Steam Deck’s future potential confirmed by ray-tracing tests

<em data-recalc-dims=Quake II RTX and other games that support ray tracing have finally been confirmed to run on Steam Deck, at both 30 and 60 fps refresh rates. But the sleek option might be better, if Valve steps in to finish the job for its default SteamOS.”/>

Enlarge / Quake II RTX and other games that support ray tracing have finally been confirmed to run on Steam Deck, at both 30 and 60 fps refresh rates. But the sleek option might be better, if Valve steps in to finish the job for its default SteamOS.

Valve / Sam Machkovech

In the weeks since the release of Valve’s Steam Deck, fans and critics alike have pored over the device’s possibilities, partly thwarted by near-daily software and operating system updates. I previously postulated in my review that Steam Deck was not “finished”, and while the device has become much more stable, its full potential remains unclear.

Perhaps that’s why the latest Steam Deck analysis from hardware geniuses Digital Foundry struck gold. On Tuesday, site founder Richard Leadbetter discovered something the community at large seems to have missed so far: the 15W max portable Steam Deck is capable of ray tracing.

(R)DNA was in Steam Deck all the time

The proof, as shown in a video on DF’s YouTube channel, required an exaggerated test scenario. Leadbetter wiped the system’s default OS, installed Windows 10, and retested the ray-trac-capable software before wiping the system again to revert SteamOS. This obnoxious process was necessary during Leadbetter’s testing period because Steam Deck does not officially support a dual-boot option for multiple OS installations, although fans have recently found methods to do so.

The four games in question (Quake II RTX, Control, Metro Exodus Enhanced Edition, Eternal destiny) gray out their ray-tracing menu toggles when loaded through the default SteamOS implementation, which translates Windows versions of games to Linux through the Proton compatibility layer. Those same four games, using official Windows 10 drivers from Valve and AMD, recognize RDNA 2 cores built into Steam Deck’s custom APU and unlock all ray tracing options, as if PC gamers were using a GPU from AMD’s recent RX 6000 series.

Their ray tracing implementations include varying amounts of dazzling effects that take into account light reflection and material properties, which generally results in more realistic and grounded lighting and shadows. Unsurprisingly, all of the games tested need visual downgrades to achieve near-stable 30fps with ray-tracing features enabled, and these mostly come in the form of pixel resolution downgrades to around 540p.

Une résolution de base de 252p semble absolument floue sous forme de capture d'écran, mais pour <em>Quake II RTX</em> on Steam Deck, this unlocks a smooth ray-tracing experience, which includes spectacular visual effects like the tempered glass of this opening scene warping the rays of light that pass through it.  Digital Foundry’s revealing analytics UI can be seen tracking near-solid 60fps performance with these settings, but only in Windows 10 at this time.” src=”https://cdn.arstechnica.net /wp-content/uploads/2022/04/df-deckrtx-980×551.png” width=”980″ height=”551″/><figcaption class=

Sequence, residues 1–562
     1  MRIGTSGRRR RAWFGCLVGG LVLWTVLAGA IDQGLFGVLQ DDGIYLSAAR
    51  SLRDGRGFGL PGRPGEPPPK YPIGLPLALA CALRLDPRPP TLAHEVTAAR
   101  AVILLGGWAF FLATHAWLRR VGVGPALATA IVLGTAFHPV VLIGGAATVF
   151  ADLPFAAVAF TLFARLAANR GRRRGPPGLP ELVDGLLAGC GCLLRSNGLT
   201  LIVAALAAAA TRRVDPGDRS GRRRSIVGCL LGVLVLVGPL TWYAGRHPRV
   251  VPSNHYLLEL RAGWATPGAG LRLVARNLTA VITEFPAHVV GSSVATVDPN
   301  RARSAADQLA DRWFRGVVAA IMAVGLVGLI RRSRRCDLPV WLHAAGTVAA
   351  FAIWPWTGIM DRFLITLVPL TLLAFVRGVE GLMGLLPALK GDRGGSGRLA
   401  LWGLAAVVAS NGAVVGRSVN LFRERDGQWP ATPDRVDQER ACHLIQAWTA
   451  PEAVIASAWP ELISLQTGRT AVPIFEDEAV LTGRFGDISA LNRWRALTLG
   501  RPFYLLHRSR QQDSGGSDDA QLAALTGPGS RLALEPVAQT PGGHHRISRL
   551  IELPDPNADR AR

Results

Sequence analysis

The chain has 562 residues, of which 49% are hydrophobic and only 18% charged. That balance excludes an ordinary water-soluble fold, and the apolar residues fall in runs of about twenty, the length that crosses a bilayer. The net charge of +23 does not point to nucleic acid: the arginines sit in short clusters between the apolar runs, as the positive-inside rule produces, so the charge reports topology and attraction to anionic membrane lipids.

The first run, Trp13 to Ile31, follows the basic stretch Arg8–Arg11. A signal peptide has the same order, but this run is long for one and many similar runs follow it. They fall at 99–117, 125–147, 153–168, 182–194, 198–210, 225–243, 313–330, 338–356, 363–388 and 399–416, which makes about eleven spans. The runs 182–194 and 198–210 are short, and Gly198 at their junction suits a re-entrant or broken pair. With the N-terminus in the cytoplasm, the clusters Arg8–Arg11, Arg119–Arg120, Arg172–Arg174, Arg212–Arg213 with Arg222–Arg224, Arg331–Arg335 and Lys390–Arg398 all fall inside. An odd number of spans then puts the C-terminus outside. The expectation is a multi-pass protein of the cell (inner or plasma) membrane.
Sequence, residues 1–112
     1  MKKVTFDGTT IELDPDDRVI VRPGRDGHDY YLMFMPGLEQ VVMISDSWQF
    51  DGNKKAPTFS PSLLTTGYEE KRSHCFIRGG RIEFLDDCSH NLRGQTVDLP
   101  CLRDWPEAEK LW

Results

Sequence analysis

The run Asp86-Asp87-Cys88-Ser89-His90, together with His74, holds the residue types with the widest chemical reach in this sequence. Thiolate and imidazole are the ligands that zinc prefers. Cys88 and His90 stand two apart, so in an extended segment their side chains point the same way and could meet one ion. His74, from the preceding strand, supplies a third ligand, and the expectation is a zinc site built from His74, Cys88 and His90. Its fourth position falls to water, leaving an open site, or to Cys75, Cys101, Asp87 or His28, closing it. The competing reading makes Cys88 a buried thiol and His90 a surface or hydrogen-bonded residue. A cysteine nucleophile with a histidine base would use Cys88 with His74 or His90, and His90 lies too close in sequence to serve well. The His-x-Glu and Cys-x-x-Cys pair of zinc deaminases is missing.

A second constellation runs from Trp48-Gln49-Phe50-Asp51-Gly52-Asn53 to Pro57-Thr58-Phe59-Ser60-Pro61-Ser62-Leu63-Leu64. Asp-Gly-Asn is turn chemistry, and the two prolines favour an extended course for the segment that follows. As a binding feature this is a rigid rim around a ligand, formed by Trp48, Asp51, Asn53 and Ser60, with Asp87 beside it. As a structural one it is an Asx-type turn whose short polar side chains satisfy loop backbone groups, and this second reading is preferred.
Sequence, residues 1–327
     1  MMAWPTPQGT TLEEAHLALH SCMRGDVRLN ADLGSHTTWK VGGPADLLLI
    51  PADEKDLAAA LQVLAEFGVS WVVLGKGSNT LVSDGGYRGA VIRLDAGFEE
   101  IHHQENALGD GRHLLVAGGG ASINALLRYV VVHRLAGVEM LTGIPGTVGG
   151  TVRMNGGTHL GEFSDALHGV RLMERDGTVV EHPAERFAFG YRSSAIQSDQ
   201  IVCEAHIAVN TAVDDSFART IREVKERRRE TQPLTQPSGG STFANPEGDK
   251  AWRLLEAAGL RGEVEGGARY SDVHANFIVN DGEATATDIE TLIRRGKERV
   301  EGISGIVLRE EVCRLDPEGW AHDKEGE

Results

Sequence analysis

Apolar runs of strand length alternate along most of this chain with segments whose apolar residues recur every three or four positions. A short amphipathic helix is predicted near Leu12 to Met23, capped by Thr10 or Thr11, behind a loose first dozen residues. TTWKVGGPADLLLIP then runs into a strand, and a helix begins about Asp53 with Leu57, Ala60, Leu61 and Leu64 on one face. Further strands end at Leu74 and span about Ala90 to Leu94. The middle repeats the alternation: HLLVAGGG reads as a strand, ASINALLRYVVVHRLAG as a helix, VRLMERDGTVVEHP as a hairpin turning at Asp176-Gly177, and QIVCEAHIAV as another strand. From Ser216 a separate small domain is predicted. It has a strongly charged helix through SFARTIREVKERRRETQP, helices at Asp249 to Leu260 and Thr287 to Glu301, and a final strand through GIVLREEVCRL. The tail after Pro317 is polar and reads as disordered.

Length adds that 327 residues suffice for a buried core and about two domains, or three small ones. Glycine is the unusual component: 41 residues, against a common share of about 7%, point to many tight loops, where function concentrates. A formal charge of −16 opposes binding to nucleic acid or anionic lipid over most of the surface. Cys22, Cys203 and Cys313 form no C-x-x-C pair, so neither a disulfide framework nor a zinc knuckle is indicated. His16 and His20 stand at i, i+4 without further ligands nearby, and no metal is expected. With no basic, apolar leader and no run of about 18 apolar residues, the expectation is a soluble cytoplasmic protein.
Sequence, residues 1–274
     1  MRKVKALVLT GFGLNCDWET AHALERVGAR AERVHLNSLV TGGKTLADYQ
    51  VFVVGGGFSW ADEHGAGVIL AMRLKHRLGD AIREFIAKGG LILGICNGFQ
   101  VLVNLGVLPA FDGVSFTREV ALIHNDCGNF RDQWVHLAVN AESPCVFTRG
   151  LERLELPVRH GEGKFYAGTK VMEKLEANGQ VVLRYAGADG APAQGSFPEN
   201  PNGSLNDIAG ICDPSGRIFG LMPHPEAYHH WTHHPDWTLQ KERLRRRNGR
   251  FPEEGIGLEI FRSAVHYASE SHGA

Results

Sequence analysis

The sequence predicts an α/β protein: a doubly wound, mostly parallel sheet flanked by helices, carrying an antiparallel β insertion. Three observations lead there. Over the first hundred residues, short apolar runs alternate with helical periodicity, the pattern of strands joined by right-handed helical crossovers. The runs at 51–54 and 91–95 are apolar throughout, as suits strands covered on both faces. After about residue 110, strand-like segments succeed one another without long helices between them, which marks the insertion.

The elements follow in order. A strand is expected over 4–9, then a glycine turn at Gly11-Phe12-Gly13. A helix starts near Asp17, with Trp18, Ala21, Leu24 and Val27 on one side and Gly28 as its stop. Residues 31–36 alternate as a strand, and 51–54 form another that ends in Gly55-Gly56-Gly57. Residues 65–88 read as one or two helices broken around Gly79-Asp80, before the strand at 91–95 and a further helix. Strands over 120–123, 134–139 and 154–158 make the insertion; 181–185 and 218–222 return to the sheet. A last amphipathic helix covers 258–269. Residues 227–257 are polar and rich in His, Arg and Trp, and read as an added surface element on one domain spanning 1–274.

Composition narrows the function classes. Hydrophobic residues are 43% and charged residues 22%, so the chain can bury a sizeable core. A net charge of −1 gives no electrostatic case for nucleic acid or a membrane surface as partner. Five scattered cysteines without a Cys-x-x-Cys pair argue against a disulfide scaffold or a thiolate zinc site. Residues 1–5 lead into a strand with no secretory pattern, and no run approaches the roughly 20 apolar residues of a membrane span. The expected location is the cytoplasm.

Enlarge / A base resolution of 252p looks absolutely blurry in screenshot form, but for Quake II RTX on Steam Deck, this unlocks a smooth ray-tracing experience, which includes spectacular visual effects like the tempered glass in this opening scene warping the rays of light that pass through. Digital Foundry’s revealing analytics interface can be seen tracking near-solid 60fps performance with these settings, but only in Windows 10 for now.

Digital foundry

Pixel-wise, it’s on par with the blurry Switch ports of Loss (2016) or The Witcher 3. But Leadbetter points out Metro Exodus‘ Temporal Anti-Aliasing (TAAU) scaling, which renders a sharper 504p pixel resolution at Deck’s full 800p resolution – and it looks even better on Steam’s 7-inch screen Deck only on a web browser. Quake II RTX is particularly amazing thanks to its dependence on a full path-tracing model, as opposed to any pre-baked lighting. Scale it down to a late 1990s 252p resolution with full ray tracing enabled, and the Steam Deck can run the game at something approaching 60fps. Wow. (It’s hilarious in part because the ray-tracing mode in question was developed by Nvidia, even though it’s no longer an “RTX” hardware exclusive.)

TAAU has grown significantly as an option in video games over the past few years, alongside upscaling options such as Nvidia’s proprietary DLSS and AMD’s open source FidelityFX (FSR) super resolution. The latter already works on Deck in its 1.0 implementation, but FSR 2.0 appears to be taking the best ideas from existing TAAU implementations and boosting them when it launches later this year on a variety of GPUs. AMD has yet to announce specific Steam Deck plans for FSR 2.0, but it’s hard to imagine the Valve-AMD partnership not being put to good use here.

This week’s tests suggest Steam Deck could match the Xbox Series S ray-tracing results.

All to say: Lower base resolutions, smarter upscaling, and RDNA 2 silicon could make handheld ray-traced gaming on the Steam Deck a legitimate option in the near future, based on Leadbetter’s testing . And as Leadbetter reminds viewers, buying a Steam Deck is an easier proposition if it doesn’t feel trapped in a “next-gen” 3D gaming universe.

We’ll likely see more games emphasize RDNA 2-based ray tracing effects on AMD-powered consoles like the Xbox Series X/S and PlayStation 5 in ways that are crucial to gameplay, rather just some cool lighting tweaks. If games include reduced ray-tracing effects on the weaker S-Series console, testing this week suggests that Steam Deck could match the results – and it already does to some extent with Metro Exodus.

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